Thursday, April 21, 2016

Transferring the wild bees to a hive

We had to make a quick trip to New Hampshire so I couldn't get back to the bees for a week. The old comb has been in a box, separated by 3/8 inch spacers (that's the natural distance bees keep between combs. The bees have to be transferred to a movable comb hive. So to start I move the box about 10 feet away and put an empty box in its place, and add a comb of brood, a comb of pollen, and a comb of honey from another hive.

Comb removed from the barn and stored temporarily in a hive box
The combs are shaken into the new box with regular frames in it.
The new box is placed on the original stand
The old comb containing brood is put over a queen excluder in the hive from which I borrowed the brood. I'll take it out again when the brood has hatched and melt it into beeswax. 
The queen didn't survive the transfer, so the bees made queen cells from the young larvae. Most of them were small and would yield inferior queens. I killed them, but saved this frame. I'll have to move it before they hatch. Virgin queens might squeeze through the queen excluder and kill the other queen below. She is due to hatch in about 3 days. The rest of the brood on the comb will be hatched in about 14 days.
3 queen cells

Friday, April 15, 2016

Rescuing bees from a Collapsing Barn

The old barn had shifted suddenly off its foundation about 18 inches. The owner wanted to save the barn but a colony of bees had lived in the corner for about 25 years. He hired me to remove them.

To the left is the nest, located on the 2nd floor in what was once the granary. To the right notice the biggest white faced hornet nest I've ever seen. I'm glad the hornets were gone.
The nest was obviously occupied for many years, although the colony could have died several times with new swarms moving in. That would hardly be noticed by the people. This is a typical colony size—5' tall and 2' wide. Also typical are the long droopy combs at the bottom irregular comb near the top.
Early in the year the population is low and easy to manage. By July this comb would be totally covered with bees. If I knew how, I'd add arrows to the photo to show drone comb, brood comb, honey comb and last year's unused queen cells.
You can see irregular fault lines in the honey comb where sometime in the past the comb became too heavy, stretched, then was later repaired by the bees. Lots of last year's honey is left in this colony. I'll render about 60 lbs of wild honey from this colony.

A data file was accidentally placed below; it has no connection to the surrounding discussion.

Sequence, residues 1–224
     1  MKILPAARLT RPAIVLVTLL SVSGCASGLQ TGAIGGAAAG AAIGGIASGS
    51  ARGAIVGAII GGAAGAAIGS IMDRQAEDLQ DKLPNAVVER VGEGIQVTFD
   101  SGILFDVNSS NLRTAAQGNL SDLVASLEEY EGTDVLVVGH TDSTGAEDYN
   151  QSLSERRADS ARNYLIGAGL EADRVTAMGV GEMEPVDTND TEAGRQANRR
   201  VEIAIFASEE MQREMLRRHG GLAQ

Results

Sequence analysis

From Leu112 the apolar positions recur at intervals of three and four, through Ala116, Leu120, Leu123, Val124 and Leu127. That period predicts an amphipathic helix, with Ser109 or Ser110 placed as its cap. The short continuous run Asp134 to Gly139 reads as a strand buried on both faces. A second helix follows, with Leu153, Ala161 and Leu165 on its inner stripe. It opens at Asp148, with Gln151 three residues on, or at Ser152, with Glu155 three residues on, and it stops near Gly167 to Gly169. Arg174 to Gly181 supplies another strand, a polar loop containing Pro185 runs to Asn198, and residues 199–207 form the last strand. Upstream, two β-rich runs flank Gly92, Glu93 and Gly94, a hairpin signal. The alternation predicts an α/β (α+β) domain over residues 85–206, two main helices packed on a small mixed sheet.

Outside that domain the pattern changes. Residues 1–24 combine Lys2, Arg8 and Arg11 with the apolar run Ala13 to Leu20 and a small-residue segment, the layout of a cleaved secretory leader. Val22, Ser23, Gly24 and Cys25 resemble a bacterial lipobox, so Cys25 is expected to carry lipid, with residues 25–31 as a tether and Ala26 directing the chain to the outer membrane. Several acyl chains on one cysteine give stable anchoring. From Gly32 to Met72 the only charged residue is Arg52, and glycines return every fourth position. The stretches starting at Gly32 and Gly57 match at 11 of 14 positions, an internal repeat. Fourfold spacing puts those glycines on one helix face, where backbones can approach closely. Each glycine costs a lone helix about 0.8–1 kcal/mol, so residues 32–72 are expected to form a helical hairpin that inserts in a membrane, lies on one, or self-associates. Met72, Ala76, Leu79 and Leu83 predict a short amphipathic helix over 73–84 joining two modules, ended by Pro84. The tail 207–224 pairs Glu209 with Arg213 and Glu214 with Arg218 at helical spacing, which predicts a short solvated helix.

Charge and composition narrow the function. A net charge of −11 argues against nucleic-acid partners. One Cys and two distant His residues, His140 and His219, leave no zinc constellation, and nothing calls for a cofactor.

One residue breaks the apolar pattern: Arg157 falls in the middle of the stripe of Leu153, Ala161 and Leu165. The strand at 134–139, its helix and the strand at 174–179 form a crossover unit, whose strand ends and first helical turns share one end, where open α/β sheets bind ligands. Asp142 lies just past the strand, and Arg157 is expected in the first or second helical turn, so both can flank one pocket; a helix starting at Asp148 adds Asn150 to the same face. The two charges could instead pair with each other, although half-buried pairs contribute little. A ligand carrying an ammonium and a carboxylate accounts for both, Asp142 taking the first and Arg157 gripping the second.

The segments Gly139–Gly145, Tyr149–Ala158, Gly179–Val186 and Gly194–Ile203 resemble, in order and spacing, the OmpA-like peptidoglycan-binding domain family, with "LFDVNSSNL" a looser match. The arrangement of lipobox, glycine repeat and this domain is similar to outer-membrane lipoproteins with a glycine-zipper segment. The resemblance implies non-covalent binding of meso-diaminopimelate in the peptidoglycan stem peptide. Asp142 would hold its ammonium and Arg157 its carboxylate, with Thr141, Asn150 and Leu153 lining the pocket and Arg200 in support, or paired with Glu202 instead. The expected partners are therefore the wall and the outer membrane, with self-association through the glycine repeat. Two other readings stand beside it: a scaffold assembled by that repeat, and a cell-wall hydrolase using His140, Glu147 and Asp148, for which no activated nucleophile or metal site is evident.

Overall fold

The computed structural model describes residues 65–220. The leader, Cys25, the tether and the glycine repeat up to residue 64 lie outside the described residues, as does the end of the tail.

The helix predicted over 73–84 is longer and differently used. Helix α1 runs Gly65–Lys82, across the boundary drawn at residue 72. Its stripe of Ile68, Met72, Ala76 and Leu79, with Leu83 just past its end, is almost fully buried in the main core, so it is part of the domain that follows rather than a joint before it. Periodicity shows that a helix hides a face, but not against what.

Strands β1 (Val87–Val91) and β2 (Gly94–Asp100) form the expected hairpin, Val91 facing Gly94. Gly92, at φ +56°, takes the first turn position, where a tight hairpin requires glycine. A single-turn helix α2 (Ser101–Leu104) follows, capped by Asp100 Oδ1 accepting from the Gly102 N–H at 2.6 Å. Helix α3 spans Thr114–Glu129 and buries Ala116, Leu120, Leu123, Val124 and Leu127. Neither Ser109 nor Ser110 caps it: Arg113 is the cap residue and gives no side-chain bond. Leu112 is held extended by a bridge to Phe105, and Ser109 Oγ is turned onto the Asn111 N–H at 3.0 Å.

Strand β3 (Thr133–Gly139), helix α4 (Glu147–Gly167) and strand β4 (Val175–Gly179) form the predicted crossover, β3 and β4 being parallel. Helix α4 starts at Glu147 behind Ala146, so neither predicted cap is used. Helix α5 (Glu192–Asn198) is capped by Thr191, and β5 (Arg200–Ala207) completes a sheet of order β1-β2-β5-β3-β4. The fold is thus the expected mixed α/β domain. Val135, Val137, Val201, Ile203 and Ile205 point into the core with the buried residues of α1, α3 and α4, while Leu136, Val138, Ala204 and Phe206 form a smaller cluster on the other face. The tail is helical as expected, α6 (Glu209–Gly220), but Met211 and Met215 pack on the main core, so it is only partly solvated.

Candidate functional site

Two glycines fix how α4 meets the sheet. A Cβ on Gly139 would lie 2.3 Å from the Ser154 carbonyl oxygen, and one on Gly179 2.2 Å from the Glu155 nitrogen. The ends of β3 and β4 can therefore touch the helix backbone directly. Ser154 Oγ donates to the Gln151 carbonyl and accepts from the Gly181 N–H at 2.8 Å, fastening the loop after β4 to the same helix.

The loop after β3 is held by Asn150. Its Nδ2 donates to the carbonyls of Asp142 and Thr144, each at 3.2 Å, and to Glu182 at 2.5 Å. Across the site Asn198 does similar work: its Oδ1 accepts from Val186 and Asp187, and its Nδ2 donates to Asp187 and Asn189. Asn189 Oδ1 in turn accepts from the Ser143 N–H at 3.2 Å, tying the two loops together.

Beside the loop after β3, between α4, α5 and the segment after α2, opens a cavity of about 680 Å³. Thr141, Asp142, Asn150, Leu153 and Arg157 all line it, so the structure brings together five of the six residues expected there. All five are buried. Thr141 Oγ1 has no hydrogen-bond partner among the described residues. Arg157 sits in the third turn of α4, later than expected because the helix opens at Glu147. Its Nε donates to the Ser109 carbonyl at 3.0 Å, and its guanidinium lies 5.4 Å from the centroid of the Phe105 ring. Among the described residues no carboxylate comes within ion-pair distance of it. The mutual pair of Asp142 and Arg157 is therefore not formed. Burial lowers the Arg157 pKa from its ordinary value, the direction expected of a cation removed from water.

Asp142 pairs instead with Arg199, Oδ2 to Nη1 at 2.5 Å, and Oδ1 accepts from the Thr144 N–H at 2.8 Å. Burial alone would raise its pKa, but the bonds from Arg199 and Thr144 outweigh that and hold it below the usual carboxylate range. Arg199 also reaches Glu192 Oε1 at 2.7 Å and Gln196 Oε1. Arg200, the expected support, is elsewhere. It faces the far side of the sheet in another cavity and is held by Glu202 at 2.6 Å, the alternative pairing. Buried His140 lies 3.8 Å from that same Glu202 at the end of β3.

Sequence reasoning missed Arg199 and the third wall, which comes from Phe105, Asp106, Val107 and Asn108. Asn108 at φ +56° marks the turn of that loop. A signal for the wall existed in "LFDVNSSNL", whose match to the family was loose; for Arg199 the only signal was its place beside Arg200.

Bees are generally easier to handle in the spring. I removed a large portion of the colony with no protective suit or gloves. The owner helped the entire time without any protective clothing. We both tied at 4 stings each for the afternoon's work. I'm filling the box, lower right, with combs of brood. There are thousands of baby bees developing and discarding them would be a huge set back for the colony. I filled a large plastic bin with honey-filled comb and another one with empty comb to be melted into beeswax.
Cutting out brood comb.

The brood needs almost the same temperature that a poultry incubator provides, so I keep as many bees on the brood comb as possible and I brush more off into the hive to maintain the proper temperature. The rest are vacuumed into a special vacuum that doesn't injure the bees and in the evening I poured them into the new hive. The homeowner wants to become a beekeeper. Since he stayed through the entire process, got stung and still shows interest, I have no qualms about giving him the bees once I've established them in a movable comb hive. I like his one comment, "Beekeeping is a lot of work, isn't it?"

Wednesday, April 6, 2016

Wild Honey

Rendering old honeycombs from wild bee nests usually yields honey that is black, bitter, and nasty. This batch has a rich but mild excellent flavor.
 The secret is to sort out all combs containing pollen which makes the honey bitter and gritty. Nothing but clean pure honeycomb is put into a giant double boiler (a bucket inside a canner) and heated just below the melting point of the wax. The honey and wax are poured through a coarse and fine strainer into the bottling bucket. I only bottle the honey that runs out freely—no squeezing the combs. That all gets remelted to fully separate the rest of the honey and wax. That honey is black, somewhat bitter, and I can sell it as baking honey.

Sunday, April 3, 2016

April Snow Showers bring...

After a blustery, snowy night I visited the bees.
 You can tell the size of the cluster and the health of the colony by the size of the melted snow in the center of the roof. You can also tell which colonies are alive or dead:
I never saw this pattern of melted snow all winter, only this spring. My guess is they are making more heat and using more honey because of brood rearing. The brood has to be kept above 90 degrees.